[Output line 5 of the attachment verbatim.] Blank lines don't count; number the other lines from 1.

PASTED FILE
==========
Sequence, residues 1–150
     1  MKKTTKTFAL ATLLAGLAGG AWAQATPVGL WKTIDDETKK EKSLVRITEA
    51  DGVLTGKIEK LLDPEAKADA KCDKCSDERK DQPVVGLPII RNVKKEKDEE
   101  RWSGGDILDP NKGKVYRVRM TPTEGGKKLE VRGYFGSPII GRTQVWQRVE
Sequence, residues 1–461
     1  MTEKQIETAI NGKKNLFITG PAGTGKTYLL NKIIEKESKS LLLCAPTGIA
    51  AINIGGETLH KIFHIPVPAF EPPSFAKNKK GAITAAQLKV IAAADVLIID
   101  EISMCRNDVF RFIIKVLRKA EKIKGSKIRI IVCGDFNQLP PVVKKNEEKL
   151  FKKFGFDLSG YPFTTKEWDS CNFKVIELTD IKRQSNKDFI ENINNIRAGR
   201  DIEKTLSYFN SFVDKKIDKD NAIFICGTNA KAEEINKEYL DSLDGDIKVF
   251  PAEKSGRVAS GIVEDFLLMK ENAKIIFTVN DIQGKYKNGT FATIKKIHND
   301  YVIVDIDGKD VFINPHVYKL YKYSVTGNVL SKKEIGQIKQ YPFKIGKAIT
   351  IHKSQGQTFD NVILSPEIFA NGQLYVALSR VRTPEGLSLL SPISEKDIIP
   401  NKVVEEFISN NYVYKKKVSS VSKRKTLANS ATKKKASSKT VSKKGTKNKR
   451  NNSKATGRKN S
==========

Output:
Sequence, residues 1–461